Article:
“To every thing there is a season, and a time to every purpose under the heaven.” Ecclesiastes, Chapter 3, verse 1 (King James Version)
OVERVIEW AND CONCLUSION
To spark and sustain the worldwide economic recovery that began around first half 2009, the Federal Reserve Board and other major central banks warmly embraced highly accommodative monetary policies such as yield repression and money printing (quantitative easing). Who would want to repeat the horrors of the hellish worldwide economic disaster that erupted in 2007 and worsened dramatically after mid-year 2008? Therefore, often in recent years, after significant hints of feeble growth (or recession) or insufficient inflation (or signs of that evil, deflation) appeared, these high priests of the economic system offered further rhetoric or additional (or new) action to accomplish their aims and restore confidence. Such central banking efforts often succeeded. In any case, financial congregations (especially in American and other stock marketplaces) generally loudly hoped for, fervently encouraged, and joyfully praised such central bank rescue efforts.
However, around mid-2015, advanced nation stock benchmarks such as the S+P 500 peaked. Moreover, despite central bank wordplay and vigorous policy action, bear moves in these stock domains have persisted alongside renewed signs of economic weakness and “too low” inflation. Ongoing collapses in emerging marketplace stocks “in general”, the major bear move in commodities in general, and falling yields in the 10 year United States Treasury note accompanied tumbles in the S+P 500 and other advanced nation equities. The major bull move in the broad, real trade-weighted US dollar, which began in July 2011, has played a key role in these intertwined trends.
In the past few weeks, key global central banks once again preached sermons or engaged in actions aimed not only at creating sufficient inflation (defeating deflation) and ensuring sustained economic recovery. Stock marketplaces initially ascended higher after these recent efforts (recall their lows around January 20, 2016), and the US dollar weakened somewhat. The Federal Reserve Board and other guardian angels probably did not want the S+P 500 and related stock marketplaces to crash under their January 2016 lows. In addition, they probably did not want the United States dollar bull move to extend much (if at all) beyond its January 2016 high.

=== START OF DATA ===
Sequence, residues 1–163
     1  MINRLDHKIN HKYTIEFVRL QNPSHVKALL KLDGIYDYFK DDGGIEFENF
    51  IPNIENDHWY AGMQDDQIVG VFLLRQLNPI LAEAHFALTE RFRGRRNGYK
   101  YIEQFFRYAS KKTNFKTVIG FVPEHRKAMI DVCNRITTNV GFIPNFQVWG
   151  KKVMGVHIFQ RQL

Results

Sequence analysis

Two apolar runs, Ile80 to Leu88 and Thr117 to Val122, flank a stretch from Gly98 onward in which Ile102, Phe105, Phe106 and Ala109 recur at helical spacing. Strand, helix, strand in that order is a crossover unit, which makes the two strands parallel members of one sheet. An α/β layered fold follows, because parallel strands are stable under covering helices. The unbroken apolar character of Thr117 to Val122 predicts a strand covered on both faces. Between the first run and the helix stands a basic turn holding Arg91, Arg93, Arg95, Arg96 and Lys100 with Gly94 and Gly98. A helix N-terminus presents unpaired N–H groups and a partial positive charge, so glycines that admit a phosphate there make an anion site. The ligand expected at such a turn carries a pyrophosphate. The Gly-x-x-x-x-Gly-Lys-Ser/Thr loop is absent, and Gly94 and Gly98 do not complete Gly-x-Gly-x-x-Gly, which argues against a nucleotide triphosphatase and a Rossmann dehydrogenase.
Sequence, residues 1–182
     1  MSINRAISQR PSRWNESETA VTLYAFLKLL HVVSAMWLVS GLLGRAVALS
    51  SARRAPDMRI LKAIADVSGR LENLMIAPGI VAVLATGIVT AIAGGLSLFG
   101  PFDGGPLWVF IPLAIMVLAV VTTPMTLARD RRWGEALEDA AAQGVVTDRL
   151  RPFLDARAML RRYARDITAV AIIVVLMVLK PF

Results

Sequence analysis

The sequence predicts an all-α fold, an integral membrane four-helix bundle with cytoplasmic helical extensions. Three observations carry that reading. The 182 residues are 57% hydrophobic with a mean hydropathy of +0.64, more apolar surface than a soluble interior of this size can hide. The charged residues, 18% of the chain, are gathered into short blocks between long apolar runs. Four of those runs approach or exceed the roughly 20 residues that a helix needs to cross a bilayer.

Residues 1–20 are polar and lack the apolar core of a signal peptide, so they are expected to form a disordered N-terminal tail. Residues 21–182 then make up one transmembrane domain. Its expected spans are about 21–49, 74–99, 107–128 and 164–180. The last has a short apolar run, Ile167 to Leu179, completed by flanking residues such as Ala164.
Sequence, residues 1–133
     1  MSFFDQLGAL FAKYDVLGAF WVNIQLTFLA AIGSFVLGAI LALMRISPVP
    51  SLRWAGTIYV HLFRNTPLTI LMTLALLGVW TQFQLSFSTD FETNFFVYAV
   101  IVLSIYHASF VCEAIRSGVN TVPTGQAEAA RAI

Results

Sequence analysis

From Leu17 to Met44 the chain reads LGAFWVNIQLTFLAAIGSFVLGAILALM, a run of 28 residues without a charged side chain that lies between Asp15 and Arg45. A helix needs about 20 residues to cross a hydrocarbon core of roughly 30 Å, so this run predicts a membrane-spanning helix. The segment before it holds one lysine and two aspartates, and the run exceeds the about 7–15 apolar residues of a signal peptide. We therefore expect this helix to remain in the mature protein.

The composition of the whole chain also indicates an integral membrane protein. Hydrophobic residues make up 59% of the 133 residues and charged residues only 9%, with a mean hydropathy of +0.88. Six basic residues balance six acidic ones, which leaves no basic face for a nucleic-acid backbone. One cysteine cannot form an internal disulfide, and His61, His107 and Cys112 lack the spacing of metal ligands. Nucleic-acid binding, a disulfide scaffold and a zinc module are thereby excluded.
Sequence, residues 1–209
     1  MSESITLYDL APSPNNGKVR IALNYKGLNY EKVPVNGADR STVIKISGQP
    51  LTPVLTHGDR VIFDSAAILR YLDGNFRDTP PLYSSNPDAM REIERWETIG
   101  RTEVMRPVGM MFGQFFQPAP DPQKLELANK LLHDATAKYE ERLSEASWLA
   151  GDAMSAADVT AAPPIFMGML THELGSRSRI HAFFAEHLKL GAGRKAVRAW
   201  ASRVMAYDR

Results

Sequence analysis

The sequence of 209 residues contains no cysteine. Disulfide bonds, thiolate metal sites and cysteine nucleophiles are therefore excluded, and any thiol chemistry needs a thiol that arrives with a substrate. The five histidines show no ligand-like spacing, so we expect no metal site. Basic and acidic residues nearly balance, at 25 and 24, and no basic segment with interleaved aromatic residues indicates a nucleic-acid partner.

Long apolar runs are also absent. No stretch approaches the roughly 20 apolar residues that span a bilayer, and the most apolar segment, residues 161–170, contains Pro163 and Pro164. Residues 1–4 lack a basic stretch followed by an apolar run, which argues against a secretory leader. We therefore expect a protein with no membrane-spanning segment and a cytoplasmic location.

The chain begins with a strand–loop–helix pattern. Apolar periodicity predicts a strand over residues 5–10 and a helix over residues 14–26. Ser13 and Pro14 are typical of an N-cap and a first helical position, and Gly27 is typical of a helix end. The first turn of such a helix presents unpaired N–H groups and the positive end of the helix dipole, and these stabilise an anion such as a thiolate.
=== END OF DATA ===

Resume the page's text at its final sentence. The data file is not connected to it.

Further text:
However, and although not much time has passed since these recent ardent central bank efforts, the S+P 500 and other stock landmarks have resumed their slumps. Ominously, many stock marketplaces have fallen under their August/September 2015 lows. In addition, the dollar still remains strong, commodities weak (despite talk about and hopes for OPEC petroleum production cuts), and US government yields (in a flight to quality) depressed. This vista warns that the Fed and other revered central banks are finding it more and more difficult to accomplish their various policy aims. It suggests that people (including devoted investors in US stocks) increasingly are losing faith in the ability of central banks to produce desirable outcomes.
Although it is a difficult marketplace call, these ongoing and interwoven marketplace trends probably will continue for a while longer. Admittedly, if these marketplace patterns persist and especially if they extend, watchers should beware of even more dramatic (and perhaps coordinated) central bank rescue action.
For additional currency, stock, interest rate, and commodity marketplace analysis, see essays such as “The Curtain Rises: 2016 Marketplace Theaters” (1/4/16), “Japanese Yen: Currency Adventures (2007-09 Revisited)” (1/14/16), “US Natural Gas” Caught in the Middle” (especially pp2-3), “America: A House Divided” (12/7/15), “Two-Stepping: US Government Securities” (12/1/16), “Commodities: Captivating Audiences” (10/12/15), and “Déjà Vu (Encore): US Marketplace History” (10/4/15).
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As the World Burns- Marketplaces and Central Banks (2-8-16)